Dr Bollmann, Skin Care Specialist, Anti-Aging Expert
Having meditated from a young age, I have long been a proponent of meditation for the best way to relieve stress. Now studies from Harvard are showing it's positive effects on bowel diseases that are stress related, such as irritable bowel syndrome (IBS).
The troublesome symptoms of irritable bowel syndrome (IBS) and inflammatory bowel disease (IBD) may be alleviated by meditation. In a small study, researchers from two Harvard-affiliated hospitals looked at the effects of the relaxation response, a physiologic state that can be prompted by meditation, and found that it eased symptoms of both bowel disorders.
In addition, the study team reported that the practice of meditation actually altered expression of genes involved in inflammation, as well as those related to the body's response to stress, which is known to trigger symptoms of both disorders.
The nine-week study included 19 patients with IBS and 29 with IBD. The participants attended weekly training sessions for the relaxation response and were asked to practice what they learned at home for 15 to 20 minutes daily. Their symptoms, anxiety levels and pain were assessed when they joined the study, then again four and a half weeks later, and at the end of the nine weeks of the study.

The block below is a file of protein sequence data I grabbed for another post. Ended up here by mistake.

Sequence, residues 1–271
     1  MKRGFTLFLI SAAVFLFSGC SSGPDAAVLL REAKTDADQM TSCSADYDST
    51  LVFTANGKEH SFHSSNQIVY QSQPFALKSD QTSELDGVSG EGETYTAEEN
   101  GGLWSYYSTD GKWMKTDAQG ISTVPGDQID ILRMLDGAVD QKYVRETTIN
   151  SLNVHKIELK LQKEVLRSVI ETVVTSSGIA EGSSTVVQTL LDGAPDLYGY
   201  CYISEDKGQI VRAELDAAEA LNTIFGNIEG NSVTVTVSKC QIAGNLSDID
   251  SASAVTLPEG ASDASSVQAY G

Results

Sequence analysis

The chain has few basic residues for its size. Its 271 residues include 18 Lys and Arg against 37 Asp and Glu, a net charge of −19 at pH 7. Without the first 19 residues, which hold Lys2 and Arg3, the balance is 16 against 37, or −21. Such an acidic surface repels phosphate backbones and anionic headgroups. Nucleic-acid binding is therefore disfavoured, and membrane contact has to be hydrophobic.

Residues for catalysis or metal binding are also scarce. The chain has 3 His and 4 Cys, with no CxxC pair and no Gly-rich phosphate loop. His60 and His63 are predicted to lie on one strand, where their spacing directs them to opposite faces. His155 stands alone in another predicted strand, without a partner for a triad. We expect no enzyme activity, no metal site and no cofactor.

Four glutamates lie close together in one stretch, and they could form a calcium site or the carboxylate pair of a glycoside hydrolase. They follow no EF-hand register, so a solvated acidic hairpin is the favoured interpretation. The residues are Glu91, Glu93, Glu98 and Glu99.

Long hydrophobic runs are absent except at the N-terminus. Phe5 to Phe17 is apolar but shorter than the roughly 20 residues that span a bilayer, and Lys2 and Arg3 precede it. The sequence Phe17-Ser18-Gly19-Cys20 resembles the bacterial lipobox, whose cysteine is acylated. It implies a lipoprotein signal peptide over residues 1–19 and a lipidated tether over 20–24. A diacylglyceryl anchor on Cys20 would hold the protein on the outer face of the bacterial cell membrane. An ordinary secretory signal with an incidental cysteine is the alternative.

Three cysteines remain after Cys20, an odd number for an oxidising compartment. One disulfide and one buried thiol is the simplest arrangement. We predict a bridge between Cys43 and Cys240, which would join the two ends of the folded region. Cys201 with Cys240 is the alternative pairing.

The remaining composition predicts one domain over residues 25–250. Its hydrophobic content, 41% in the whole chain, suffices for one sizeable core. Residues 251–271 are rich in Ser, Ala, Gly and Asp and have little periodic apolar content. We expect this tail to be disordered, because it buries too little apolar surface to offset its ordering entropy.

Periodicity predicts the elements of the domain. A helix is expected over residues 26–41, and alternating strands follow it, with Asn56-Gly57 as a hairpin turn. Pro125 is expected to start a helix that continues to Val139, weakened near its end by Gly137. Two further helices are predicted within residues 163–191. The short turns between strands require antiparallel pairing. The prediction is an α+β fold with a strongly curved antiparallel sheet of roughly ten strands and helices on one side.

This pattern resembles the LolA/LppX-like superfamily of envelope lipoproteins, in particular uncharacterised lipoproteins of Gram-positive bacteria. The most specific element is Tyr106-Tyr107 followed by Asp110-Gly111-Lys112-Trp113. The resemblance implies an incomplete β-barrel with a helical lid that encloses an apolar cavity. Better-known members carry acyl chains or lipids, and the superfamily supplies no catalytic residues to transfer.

The investigators also performed a follow up three weeks after the study ended, and found that the improvements in symptoms, anxiety levels and overall quality of life seen during the study persisted. They further reported that the study participants had become more resilient in dealing with pain. The investigators noted that a longer, larger trial is needed to confirm their findings.
We've known for some time that stress reduction using meditation, yoga, biofeedback or relaxation training can help ease IBS symptoms. I've long recommended stress reduction as a means of dealing with IBD. Breathing exercises can be especially helpful with this. I also recommend biofeedback, hypnotherapy and guided imagery to help counter stress, and as a means of using the mind/body connection to heal the gut.
Psychotherapy or cognitive behavioral therapy can help resolve emotional conflicts, which often exacerbate symptoms. The finding that influencing gene expression may be responsible for the positive changes seen in the new study suggests how powerful the relaxation response is.
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